Each day 63-year-old Erhard Djuren harnesses his three mixed-breed dogs Pepo, Felix and Lisa to his sled and they set off to the mudflats at low tide with a chorus of barks.
“It’s really fun for them,” he says.
Water and mud spray in wide arcs behind the sled as they travel the two kilometres to their fish traps off the coast of Wremen, a tiny Lower Saxony fishing village along the Wattenmeer, or Wadden Sea.
The tidal mudflats off of the North Sea are feeding grounds to millions of migratory birds and a unique ecosystem honoured as a world natural heritage site by UNESCO in 2009.
The trip takes the trio of dogs just 10 minutes, and Djuren checks his 30 round baskets, which lay aground at low tide.
High season for crabbing lies between September and October, he says, but he still enjoys going out each day. Currently there’s not much: a few crabs, smelt, and sometimes a cod or an eel.
Unless there’s a big storm, he takes the trip each day from May to December, sometimes twice a day, in accordance with the tides.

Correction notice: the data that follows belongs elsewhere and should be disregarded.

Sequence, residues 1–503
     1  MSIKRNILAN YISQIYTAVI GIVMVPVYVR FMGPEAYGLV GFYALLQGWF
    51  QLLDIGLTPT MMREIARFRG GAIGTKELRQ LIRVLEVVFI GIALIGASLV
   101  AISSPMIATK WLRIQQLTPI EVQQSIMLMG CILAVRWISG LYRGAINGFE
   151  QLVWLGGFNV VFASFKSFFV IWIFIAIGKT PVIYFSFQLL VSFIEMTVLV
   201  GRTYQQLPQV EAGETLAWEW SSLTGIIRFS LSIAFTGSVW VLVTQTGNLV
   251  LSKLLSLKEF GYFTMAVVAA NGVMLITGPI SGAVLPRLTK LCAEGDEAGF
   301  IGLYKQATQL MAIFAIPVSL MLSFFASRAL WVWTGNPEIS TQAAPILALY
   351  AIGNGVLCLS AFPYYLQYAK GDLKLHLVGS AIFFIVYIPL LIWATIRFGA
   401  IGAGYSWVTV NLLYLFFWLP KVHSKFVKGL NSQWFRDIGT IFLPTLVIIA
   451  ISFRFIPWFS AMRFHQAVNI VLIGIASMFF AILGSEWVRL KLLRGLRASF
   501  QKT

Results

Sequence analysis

“I do it for the fun of it,” he says. “And to hold on to the old tradition.”
He’s the last of the Wattenmeer crabbers – even in the 1950s only 10 lived in the village.
As a boy Djuren loved to join them on the daily journey to their traps, but he ended up with a profession on dry land as a farmer. After he retired 10 years ago he rented out his farm and returned to pursue his crabbing passion, though.
According to Dirk Sander, head of the Weser-Ems fishing association, Djuren is probably the only such fisherman in Europe.
“It’s not worth it anymore,” he explained.
While there’s not much to sell, when Djuren returns home there’s always a hot kettle on the stove to cook the few crabs that come in.
“My wife shells them herself and the neighbours come over,” Djuren says.
He’ll continue as long as he can, but believes there will be no one to follow in his footsteps, relegating the tradition to the local museum.